If production problems arose, they could be solved either by altering the technology of the job or by modifying the wage incentive program. This approach to motivation rested on several very basic contemporary assumptions about the nature of human beings. Specifically, workers were viewed as being typically lazy, often dishonest, aimless, dull, and, most of all, mercenary. To get them into the factories and to keep them there, an organization had to pay a “decent” wage, thus outbidding alternative forms of livelihood (e.
g. , farming). To get workers to produce, tasks were to be simple and repetitive, output controls were to be externally set, and workers were to be paid bonuses for beating their quotas. The manager’s major task was thus seen as closely supervising workers to ensure that they met their production quotas and adhered to company rules. As this model became increasingly applied in organizations, several problems began to arise. To begin with, managers, in their quest for profits, began modifying the basic system.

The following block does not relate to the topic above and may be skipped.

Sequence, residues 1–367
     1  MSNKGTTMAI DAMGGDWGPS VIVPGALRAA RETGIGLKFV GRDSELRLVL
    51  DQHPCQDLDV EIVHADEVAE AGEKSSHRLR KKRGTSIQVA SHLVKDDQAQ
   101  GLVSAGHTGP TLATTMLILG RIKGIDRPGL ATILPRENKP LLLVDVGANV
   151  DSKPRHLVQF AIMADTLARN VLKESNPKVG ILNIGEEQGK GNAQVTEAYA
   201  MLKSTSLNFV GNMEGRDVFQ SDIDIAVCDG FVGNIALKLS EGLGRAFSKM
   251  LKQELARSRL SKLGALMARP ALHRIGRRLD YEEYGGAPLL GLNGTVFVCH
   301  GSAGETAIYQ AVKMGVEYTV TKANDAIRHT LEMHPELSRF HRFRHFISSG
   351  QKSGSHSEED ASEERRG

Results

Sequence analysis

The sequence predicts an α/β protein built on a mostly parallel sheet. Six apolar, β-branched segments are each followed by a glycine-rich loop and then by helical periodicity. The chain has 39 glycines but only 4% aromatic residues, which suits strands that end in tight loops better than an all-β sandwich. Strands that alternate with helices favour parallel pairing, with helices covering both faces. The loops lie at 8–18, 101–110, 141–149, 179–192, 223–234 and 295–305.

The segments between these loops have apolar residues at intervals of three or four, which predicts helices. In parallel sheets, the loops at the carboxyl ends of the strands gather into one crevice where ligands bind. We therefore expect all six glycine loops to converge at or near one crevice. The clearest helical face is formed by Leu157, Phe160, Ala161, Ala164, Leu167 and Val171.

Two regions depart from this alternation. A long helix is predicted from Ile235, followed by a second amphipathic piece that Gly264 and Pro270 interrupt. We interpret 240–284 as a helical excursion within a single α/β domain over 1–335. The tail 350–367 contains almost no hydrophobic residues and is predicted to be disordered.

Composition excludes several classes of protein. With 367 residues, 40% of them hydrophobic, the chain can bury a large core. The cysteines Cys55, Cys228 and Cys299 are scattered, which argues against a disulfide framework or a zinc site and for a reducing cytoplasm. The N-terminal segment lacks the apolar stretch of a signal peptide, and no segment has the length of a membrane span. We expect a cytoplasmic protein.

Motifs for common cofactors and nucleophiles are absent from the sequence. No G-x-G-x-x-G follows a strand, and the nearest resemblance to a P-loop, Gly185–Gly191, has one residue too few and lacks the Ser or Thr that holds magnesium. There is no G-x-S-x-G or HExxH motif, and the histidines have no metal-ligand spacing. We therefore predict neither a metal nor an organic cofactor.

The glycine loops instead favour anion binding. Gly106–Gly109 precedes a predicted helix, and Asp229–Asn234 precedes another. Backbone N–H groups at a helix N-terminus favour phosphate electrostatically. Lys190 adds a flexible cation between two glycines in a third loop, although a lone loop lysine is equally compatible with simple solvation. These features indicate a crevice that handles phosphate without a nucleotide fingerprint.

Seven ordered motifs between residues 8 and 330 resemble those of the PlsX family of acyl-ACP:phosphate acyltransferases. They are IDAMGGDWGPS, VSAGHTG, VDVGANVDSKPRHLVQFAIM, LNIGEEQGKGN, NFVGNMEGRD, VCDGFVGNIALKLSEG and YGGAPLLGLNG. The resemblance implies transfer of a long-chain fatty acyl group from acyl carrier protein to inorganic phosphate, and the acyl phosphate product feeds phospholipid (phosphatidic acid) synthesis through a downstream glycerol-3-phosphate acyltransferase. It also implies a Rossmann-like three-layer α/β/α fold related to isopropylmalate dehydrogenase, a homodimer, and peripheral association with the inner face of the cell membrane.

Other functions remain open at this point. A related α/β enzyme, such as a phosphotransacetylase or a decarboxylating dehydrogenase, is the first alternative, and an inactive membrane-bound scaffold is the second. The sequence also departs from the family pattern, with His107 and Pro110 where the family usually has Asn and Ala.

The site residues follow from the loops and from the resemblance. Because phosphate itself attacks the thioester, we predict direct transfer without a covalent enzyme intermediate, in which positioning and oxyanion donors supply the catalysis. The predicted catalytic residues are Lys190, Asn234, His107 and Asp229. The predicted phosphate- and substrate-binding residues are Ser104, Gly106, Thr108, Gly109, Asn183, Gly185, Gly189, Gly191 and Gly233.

While jobs were made more and more routine and specialized (and “efficient” from a mass-production standpoint), management began putting severe constraints on the incentive system, thereby limiting worker income. As factories became more “efficient,” fewer workers were needed to do the job and layoffs and terminations became commonplace. Workers responded to the situation through elaborate and covert methods of restriction of output in an attempt to optimize their incomes, while at the same time protecting their jobs.
Unionism began to rise, and the unparalleled growth and efficiency that had occurred under scientific management began to subside. In an effort to overcome such problems, some organizations began to reexamine the simplicity of their motivational assumptions about employees and to look for new methods to increase production and maintain a steady work force. One such revisionist approach to motivation at work is the “human relations” model. Human Relations Model Around 1939, Mayo, Roethlisberger and Dickson, argued that it was necessary to consider the “whole person” on the job.